Clinical training is provided primarily on the adult in-patient services and in the Infectious Diseases clinics at the University of Rochester's Strong Memorial Hospital (SMH). Additional in-patient experience is acquired on pediatric services at SMH, and at University-affiliated community hospitals in Rochester. Clinics include general Infectious Diseases Clinic, AIDS Clinic, Travel Medicine Clinic, and the Sexually Transmitted Diseases Clinic. Fellows in Infectious Diseases see a broad variety of infectious disease problems in both hospitalized and ambulatory patients. As a referral center for bone marrow transplantation, organ transplantation (liver, kidney, pancreas, and heart), oncology, burns, trauma, and AIDS care, SMH offers exposure to the full spectrum of infectious complications in the compromised patient. Intensive Care Units in medicine, surgery, cardiovascular diseases, pediatrics, neonatology, burn/trauma, and neurosurgery provide specialized care to critically ill patients from a wide region of western New York and Pennsylvania. SMH and the affiliated hospitals, all with active emergency departments, also admit patients with typical community-acquired infections such as pneumonia, cellulitis, osteomyelitis, endocarditis, and meningitis.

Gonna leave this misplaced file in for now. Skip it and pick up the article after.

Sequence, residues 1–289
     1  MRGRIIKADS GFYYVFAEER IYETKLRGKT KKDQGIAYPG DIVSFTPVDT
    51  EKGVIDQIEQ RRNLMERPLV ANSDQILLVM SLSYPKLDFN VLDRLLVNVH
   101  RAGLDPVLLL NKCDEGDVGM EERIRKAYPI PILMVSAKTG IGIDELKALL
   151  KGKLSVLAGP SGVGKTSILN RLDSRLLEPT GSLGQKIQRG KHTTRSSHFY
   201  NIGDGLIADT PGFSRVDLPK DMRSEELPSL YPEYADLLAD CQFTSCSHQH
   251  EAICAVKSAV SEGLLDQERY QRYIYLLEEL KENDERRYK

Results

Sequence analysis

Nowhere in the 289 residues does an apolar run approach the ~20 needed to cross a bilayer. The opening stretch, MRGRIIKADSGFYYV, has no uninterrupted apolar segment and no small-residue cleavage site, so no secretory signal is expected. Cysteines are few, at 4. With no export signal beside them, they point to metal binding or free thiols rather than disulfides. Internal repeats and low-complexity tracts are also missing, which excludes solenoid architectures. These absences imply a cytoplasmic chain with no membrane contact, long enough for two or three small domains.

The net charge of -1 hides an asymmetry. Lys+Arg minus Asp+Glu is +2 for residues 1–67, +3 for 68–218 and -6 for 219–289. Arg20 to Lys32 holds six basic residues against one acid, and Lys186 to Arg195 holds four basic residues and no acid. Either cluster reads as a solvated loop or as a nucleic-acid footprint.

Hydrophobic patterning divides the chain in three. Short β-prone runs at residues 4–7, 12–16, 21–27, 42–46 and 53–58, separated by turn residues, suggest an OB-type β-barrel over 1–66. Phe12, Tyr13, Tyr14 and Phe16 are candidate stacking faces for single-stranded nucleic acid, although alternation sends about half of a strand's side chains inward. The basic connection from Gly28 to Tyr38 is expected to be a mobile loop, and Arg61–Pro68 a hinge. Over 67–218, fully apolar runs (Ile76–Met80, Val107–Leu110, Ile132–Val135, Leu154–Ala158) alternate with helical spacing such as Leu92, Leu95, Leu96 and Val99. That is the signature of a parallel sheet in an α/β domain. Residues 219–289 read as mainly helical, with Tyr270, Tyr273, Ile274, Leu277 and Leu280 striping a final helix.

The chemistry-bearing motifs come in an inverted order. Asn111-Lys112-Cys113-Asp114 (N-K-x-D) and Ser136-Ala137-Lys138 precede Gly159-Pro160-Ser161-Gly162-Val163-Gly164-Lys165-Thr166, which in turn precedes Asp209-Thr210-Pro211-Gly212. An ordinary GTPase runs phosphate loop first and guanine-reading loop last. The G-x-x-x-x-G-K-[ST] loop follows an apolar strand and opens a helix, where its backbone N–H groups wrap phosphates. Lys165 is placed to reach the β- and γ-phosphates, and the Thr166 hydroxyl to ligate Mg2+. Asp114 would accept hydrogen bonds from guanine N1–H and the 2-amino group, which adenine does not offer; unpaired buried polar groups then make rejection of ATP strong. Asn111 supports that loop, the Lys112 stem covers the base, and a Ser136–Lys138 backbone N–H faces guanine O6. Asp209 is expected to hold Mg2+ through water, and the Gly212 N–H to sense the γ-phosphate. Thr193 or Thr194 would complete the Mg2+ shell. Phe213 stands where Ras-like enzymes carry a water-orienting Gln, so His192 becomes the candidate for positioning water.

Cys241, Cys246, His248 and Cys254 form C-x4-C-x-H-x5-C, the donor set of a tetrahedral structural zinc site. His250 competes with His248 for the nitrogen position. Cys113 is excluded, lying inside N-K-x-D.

Trainees are assigned to in-patient infectious disease services for approximately 12 months during a two-year fellowship. Most of the first year of training is devoted to in-patient rotations at SMH on the general Infectious Diseases Service, AIDS Service, and Transplant ID Service. Trainees have few clinical rotations in the second year, allowing substantial time for research. Rotations on infectious disease consultation services at affiliated hospitals during both years provide additional clinical experience and afford the trainee an increasing level of clinical responsibility. In-patient rotations on Pediatric Infectious Diseases are optional.
A variety of clinical conferences, described below, ensure that trainees acquire broad knowledge of infectious diseases and allied disciplines, including infection control and hospital epidemiology. In addition, one month during the first year of fellowship is spent in the Clinical Microbiology Laboratories, learning about diagnostic laboratory procedures which are crucial to the role of the infectious diseases physician. This experience is designed to provide the trainee a basic understanding of diagnostic techniques in bacteriology, virology, mycology, serology, and parasitology.